So, instead of focusing on the issue that women don't like you for some strange reason, open your eyes to women who can handle your strangeness. From experience, going for what you want is way easier than being angry at the world.

There's one more point I want to hit on. Angry Asian harps on the fact that a lot of these Asian women only want to date white guys. He named several celebrities to prove his point. And their social media accounts show they all have white boyfriends. However, all of these women had railed against yellow fever, that they want to be seen and be wanted for who they are and not for what they look like. He then states that yellow fever doesn't really exist because guys don't care what race the girl is.

First of all Asian women can date whomever they want. Man, woman, dog, cactus. They are not obligated to date within their own race. Second, men do have their preferences. OkCupid and FaceBook had published a study that showed black women to have substantially fewer likes than other races of women. Third, Asian women can prefer white guys and still argue against yellow fever. Is it a double standard? Most certainly. But life is full of them. Notably slut-shaming. Society has taught women that it's bad for them to have many sexual partners. But it's fine if men do. I'm a dude. Even I think that's stupid. This brings me to my last point.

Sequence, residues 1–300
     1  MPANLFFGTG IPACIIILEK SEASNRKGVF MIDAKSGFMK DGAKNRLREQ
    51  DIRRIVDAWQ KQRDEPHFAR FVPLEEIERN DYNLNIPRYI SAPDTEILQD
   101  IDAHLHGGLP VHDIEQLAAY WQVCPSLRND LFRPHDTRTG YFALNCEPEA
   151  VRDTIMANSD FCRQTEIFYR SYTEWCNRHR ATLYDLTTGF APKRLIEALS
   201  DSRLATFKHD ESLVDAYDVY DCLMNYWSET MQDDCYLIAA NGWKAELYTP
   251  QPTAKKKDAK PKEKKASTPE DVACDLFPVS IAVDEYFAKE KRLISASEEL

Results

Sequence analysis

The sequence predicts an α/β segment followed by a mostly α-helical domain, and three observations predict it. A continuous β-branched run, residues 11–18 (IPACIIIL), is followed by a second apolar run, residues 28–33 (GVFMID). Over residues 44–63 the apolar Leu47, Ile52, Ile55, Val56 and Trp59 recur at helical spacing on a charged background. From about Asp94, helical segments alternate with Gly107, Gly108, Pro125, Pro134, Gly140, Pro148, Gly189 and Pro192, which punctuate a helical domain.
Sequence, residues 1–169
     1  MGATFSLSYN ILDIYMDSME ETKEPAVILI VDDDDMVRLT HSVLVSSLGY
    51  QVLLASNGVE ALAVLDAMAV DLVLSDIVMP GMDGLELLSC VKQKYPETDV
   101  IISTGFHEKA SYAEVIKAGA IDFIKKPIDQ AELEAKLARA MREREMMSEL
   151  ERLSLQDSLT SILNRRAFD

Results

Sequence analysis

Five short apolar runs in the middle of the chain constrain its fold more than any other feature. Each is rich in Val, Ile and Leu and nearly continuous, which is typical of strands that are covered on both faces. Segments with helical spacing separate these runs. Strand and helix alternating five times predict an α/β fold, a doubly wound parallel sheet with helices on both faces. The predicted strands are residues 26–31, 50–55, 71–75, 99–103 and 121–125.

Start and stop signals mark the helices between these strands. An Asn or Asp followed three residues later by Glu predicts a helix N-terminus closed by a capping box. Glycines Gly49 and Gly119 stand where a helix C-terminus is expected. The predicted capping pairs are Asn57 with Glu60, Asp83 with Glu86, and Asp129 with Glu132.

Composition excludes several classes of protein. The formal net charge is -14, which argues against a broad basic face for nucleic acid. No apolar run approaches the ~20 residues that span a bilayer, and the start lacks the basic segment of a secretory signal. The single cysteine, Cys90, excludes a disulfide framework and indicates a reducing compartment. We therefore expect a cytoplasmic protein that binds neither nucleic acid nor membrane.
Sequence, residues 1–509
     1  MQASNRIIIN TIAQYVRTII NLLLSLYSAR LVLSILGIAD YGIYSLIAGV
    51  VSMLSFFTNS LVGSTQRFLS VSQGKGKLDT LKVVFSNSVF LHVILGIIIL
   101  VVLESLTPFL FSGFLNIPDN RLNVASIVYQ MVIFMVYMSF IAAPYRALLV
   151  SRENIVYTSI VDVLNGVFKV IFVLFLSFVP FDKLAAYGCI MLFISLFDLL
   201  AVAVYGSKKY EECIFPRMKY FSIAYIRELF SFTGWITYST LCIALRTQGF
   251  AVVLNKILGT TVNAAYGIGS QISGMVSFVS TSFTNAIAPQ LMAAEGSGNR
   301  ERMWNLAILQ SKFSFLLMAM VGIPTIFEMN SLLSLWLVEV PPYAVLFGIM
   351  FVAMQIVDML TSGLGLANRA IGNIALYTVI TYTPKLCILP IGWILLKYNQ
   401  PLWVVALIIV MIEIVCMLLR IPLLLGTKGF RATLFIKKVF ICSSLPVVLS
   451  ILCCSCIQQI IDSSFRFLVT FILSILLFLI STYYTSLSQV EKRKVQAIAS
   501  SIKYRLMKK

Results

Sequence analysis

If you’re a woman and wanna sleep with someone and not be slut-shamed, then here's my contact page.

To live a happier life, remove the filter that the world hates you. Instead filter out people that don’t like you. It may feel like you're losing a lot of people, but you can't lose what you've never had in the first place.

Low Expectations

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In my previous post, I had stated that expectations can be the bane of relationships, using Valentine's Day as an example. If the woman had been expecting a grand gesture of gift and fine dining, and she received a card and dinner at Chili's, then resentment might grow. If the man had expected a superbly satisfying blow on his one-eyed python, but instead caught the stink eye from his lady, then resentment might root itself within him. Resentment can grow and explode into a full-blown argument. And those are exhausting.

The post came about when a woman had asked me how to have a long happy relationship. My answer was to have no expectations.